What do I want to achieve?I want to generate Excel file in Open XML format with large amount of data, ca. 200 000 records. My application has to read data from database and generate reports in real-time with as low memory usage as possible .
My solutionTo solve my issue I decided to use the newest version of Open XML Format SDK 2.0. This SDK provides very simple creating the Open XML code from scratch and has very nice features for creating and manipulating Open XML files, like strongly typed document object model or tool for generating C# code named Document Reflector. I thought this SDK would help me to create Excel spreedsheets in simple and fast way and, moreover, solve my performance issues. In order to improve memory usage I wanted to write partialy buffered generated Excel file stream into file. I was disappointed when I didn’t find any feature to do this in SDK. So I did buffering myself. In code where I append data to spreadsheet I flush stream into file when was added “BufferSize” records. This shows code below:
foreach (Record m in dataList)
Row contentRow = CreateContentRow(index, m); // my own method to create row content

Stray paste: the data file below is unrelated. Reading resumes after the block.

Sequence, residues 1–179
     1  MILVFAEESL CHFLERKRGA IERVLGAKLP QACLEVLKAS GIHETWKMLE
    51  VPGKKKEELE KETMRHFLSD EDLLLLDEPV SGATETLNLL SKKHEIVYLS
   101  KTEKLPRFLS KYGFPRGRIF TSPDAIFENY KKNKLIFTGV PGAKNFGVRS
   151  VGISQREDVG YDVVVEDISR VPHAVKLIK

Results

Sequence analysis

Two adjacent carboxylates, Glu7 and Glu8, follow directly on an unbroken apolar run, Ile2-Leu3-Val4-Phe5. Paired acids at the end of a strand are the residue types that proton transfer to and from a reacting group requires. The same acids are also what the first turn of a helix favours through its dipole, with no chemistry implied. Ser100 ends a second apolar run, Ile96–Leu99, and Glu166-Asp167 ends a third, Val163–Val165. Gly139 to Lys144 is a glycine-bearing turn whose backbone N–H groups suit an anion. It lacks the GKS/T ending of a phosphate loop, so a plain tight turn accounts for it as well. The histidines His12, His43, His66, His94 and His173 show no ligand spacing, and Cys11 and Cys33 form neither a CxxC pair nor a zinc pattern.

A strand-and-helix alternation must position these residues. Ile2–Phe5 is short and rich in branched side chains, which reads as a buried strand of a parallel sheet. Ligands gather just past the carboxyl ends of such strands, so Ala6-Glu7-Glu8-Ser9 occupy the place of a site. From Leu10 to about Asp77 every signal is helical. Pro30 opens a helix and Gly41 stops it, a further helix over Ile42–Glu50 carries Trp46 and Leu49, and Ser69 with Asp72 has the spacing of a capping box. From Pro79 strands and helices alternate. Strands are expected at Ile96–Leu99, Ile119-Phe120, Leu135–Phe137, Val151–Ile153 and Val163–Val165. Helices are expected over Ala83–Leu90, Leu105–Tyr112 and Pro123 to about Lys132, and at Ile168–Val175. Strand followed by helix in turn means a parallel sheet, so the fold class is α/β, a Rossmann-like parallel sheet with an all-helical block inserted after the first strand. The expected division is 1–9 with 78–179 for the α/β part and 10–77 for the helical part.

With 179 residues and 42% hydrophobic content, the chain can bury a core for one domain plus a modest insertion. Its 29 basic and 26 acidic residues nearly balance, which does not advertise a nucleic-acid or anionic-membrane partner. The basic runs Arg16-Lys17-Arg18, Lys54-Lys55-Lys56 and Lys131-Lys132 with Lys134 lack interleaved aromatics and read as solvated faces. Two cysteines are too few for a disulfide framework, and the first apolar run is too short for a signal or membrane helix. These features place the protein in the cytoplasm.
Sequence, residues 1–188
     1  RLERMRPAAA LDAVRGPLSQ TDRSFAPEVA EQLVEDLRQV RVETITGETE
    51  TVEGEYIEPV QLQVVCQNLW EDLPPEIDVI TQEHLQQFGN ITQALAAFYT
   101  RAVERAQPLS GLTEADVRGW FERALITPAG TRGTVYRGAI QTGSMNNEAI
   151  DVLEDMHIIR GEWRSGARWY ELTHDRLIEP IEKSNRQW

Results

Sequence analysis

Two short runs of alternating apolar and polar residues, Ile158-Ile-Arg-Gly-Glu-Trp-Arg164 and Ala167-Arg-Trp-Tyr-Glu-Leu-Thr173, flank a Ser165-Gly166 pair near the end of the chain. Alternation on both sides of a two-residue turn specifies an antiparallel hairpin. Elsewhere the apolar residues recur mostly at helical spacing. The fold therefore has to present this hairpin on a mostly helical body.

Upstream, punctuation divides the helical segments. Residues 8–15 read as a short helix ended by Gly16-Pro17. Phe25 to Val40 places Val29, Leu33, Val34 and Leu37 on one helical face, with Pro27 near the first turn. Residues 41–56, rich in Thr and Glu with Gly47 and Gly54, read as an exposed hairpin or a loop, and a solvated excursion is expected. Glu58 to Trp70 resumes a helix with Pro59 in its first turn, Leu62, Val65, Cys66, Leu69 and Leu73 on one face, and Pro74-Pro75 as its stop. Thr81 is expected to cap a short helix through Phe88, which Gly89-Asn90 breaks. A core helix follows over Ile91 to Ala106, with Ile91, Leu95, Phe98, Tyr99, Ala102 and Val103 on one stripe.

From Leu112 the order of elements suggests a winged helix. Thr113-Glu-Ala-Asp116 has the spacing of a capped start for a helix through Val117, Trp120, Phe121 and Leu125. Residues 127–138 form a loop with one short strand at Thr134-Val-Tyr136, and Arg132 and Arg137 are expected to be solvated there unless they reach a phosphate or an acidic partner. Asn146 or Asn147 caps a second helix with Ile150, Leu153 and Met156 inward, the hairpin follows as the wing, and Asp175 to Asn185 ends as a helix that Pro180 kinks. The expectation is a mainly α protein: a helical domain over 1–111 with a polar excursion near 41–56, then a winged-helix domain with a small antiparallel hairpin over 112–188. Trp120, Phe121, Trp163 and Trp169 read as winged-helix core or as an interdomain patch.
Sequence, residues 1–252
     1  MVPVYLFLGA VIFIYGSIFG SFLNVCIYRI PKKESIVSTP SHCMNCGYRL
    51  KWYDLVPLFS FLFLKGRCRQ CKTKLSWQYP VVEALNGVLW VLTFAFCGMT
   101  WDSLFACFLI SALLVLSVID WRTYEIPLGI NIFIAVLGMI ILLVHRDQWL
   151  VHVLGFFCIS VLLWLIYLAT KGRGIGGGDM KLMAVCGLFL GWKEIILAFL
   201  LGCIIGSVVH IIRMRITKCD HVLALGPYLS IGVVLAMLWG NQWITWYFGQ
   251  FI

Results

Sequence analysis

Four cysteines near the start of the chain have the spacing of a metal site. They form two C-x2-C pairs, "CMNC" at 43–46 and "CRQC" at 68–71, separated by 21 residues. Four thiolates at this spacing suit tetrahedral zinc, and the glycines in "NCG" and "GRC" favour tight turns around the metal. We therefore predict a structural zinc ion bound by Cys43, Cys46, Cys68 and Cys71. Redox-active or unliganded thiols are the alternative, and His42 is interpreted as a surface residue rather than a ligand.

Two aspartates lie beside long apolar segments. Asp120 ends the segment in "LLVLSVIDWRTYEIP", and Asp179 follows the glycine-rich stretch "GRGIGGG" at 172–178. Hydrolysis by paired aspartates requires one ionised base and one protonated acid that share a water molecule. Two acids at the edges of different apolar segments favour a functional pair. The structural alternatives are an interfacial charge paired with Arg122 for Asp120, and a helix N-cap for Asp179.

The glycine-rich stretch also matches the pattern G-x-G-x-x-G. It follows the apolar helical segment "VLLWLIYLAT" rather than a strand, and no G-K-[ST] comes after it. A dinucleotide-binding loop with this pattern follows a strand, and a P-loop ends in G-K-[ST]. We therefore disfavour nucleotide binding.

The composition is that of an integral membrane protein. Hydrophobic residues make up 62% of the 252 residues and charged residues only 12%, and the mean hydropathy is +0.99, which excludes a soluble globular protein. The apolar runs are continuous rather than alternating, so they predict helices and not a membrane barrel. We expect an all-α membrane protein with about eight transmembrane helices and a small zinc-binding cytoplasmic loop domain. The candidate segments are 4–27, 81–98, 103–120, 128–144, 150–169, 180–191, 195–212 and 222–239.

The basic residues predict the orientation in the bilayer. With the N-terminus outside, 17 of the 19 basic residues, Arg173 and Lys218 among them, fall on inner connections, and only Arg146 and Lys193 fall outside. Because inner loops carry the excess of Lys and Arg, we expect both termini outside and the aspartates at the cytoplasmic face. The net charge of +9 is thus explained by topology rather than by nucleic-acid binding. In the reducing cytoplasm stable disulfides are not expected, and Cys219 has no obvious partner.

//Append new row to sheet data.
if (index % BufferSize == 0)
Performance profilingI wanted to test my application performance to check if there is some performance improvement. My colleagues recommended me tools in the following order: Results In my tests I generated Excel file with 100 000 records(rows). The results you can see below: As you can see the above first test was finished in 18 seconds and memory was growing steadily to 150 MB .In the second case, when I used buffer, the apllication was behaving differently. The application finished in 50 seconds and the memory usage was growing, droping and achieved ca. 220 MB. Besides I made additional tests for checking how fast memory usage grows for different number of records. See the results.
ConclusionsAll performance tests show that my solution is a failure. Flushing stream using method Save() with my own buffering doesn’t give me any improvement. I was expecting that execution time will be longer with regards to writing on disk costs, but I hoped my solution improve memory usage. In solution without as well as with buffering, memory usage finally grows linear. In the second case an abnormal phenomenon occured. Open XML Format SDK method Save() consumes a lot of memory instead of releasing it. Method Save() flush stream as it is shown on second chart above. Additionally, it uses more memory to do this. Summary: Don’t use Open XML Format SDK if you want to effectively generate large amount of data in Open XML file. Share your opinion and experience with us below or meet us on Twitter: @GOYELLO.
Thanks to Karol Świder for helping me write this blog post.